And speaking of impurity, there's the fossil fuel companies. Yes, the public has moral agency and protecting democracy is ultimately up to them, but fossil fuel companies throwing sand in their eyes and buying out their representatives isn't helping. They more than deserve their share of blame, especially as they hypocritically claim to support a carbon tax and then do their best to stop one from happening.

I'll end with a only half-joking suggestion: "Tax Carbon, Not Trucks, Beer, or Harleys". Set up a carbon tax, and stop taxing cars, trucks, beer, and motorcycles. The government gets to keep the extra tax revenue after making up for the lost tax revenue from those other sources.


Everett F Sargent said...

A carbon tax is a must. But it needs to be VERY progressive and revenue neutral (meaning that the poor half get a tax refund from the rich half, which would really be a 1:99 split given ever growing income inequalities). I could really use the extra income as soon as we Dump Trump, if not sooner.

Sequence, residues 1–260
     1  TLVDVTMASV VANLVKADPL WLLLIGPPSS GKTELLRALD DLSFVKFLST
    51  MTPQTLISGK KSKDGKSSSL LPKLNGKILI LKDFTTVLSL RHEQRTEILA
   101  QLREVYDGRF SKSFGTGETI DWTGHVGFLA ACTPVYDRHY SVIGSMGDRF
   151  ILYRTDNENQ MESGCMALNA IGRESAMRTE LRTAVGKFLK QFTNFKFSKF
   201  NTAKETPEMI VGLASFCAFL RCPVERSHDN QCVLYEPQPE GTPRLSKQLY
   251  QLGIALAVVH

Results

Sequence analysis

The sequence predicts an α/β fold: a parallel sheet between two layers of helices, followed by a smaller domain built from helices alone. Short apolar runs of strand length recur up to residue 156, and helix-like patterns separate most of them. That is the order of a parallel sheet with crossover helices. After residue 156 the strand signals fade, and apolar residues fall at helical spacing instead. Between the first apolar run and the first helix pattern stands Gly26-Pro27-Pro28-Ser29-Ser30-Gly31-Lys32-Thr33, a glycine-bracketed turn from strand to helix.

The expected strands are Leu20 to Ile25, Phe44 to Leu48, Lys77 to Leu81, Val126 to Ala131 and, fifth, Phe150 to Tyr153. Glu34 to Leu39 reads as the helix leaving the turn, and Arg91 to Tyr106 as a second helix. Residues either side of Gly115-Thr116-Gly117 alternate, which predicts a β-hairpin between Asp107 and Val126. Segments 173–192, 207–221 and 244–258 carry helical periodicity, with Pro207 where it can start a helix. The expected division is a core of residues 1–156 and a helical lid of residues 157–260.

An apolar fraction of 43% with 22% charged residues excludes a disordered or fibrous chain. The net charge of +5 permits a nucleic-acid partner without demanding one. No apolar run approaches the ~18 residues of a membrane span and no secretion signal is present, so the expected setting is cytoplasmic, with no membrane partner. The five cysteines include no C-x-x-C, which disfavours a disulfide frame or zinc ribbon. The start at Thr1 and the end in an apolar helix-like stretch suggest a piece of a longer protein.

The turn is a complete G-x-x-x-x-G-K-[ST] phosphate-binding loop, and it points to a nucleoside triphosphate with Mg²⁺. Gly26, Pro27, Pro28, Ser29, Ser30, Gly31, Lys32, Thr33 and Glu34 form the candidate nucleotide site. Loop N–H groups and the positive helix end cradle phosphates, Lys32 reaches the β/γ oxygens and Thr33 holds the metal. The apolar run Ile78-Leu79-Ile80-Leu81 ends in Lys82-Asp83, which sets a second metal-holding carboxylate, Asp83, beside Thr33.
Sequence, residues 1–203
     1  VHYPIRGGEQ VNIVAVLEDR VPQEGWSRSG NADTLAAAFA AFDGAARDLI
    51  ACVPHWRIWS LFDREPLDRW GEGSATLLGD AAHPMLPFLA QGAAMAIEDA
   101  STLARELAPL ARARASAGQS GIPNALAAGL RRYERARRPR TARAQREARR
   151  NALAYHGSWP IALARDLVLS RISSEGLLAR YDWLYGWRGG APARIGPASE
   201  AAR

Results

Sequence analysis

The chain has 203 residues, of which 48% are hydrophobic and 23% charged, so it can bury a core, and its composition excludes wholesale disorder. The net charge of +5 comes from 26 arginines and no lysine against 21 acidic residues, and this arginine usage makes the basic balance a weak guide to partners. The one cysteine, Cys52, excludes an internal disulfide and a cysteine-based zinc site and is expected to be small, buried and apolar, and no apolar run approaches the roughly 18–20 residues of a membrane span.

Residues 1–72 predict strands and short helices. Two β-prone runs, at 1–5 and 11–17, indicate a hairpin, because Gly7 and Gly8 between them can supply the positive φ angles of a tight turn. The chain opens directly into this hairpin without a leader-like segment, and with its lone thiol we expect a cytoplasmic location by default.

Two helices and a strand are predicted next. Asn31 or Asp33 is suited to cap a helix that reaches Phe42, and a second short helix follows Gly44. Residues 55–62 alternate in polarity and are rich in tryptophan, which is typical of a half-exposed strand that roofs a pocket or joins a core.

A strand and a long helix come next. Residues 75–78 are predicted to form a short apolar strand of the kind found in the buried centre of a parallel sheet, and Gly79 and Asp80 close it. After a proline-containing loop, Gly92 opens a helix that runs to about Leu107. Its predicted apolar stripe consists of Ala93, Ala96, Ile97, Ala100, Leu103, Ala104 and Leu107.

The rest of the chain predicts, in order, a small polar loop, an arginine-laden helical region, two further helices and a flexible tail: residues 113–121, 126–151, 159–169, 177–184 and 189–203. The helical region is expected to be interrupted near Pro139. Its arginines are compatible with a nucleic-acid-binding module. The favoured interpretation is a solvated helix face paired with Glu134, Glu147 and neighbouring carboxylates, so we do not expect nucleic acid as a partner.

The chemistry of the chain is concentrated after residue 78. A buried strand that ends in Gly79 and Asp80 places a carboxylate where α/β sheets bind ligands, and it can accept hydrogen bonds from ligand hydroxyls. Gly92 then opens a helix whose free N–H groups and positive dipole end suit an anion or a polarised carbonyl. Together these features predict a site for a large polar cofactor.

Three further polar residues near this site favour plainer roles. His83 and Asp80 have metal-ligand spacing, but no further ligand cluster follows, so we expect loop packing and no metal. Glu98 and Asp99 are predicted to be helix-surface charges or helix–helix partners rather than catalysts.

There is no accounting for tax, Everett. As tobacco is a renewable fuel, how can progressives sanction taxing it ?

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Unknown said...

Very O/T Brian, but just to say that I've written up your 2007 bet with David Evans, here:

David Evans has given his thoughts on how it's going. Would you like to respond and / or give your own views?

EliRabett said...

Brian will probably answer when he recovers from the holiday, but until then